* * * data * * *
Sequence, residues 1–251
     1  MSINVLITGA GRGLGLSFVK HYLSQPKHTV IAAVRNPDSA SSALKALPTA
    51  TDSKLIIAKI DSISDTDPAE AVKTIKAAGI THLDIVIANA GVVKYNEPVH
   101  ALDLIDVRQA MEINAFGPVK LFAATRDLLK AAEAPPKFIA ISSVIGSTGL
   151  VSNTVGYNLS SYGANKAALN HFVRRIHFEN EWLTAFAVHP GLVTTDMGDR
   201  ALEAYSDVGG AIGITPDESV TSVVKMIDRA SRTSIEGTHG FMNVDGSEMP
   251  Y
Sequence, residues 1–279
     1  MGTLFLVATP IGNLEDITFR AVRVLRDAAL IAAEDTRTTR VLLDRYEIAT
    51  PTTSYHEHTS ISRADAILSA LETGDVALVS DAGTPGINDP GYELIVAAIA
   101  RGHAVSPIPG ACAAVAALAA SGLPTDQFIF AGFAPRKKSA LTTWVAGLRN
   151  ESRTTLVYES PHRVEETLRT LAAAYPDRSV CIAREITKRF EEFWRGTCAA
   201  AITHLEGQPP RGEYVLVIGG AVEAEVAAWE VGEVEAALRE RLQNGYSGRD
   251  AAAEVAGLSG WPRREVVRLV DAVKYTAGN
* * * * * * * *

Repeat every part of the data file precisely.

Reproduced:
Sequence, residues 1–251
     1  MSINVLITGA GRGLGLSFVK HYLSQPKHTV IAAVRNPDSA SSALKALPTA
    51  TDSKLIIAKI DSISDTDPAE AVKTIKAAGI THLDIVIANA GVVKYNEPVH
   101  ALDLIDVRQA MEINAFGPVK LFAATRDLLK AAEAPPKFIA ISSVIGSTGL
   151  VSNTVGYNLS SYGANKAALN HFVRRIHFEN EWLTAFAVHP GLVTTDMGDR
   201  ALEAYSDVGG AIGITPDESV TSVVKMIDRA SRTSIEGTHG FMNVDGSEMP
   251  Y
Sequence, residues 1–279
     1  MGTLFLVATP IGNLEDITFR AVRVLRDAAL IAAEDTRTTR VLLDRYEIAT
    51  PTTSYHEHTS ISRADAILSA LETGDVALVS DAGTPGINDP GYELIVAAIA
   101  RGHAVSPIPG ACAAVAALAA SGLPTDQFIF AGFAPRKKSA LTTWVAGLRN
   151  ESRTTLVYES PHRVEETLRT LAAAYPDRSV CIAREITKRF EEFWRGTCAA
   201  AITHLEGQPP RGEYVLVIGG AVEAEVAAWE VGEVEAALRE RLQNGYSGRD
   251  AAAEVAGLSG WPRREVVRLV DAVKYTAGN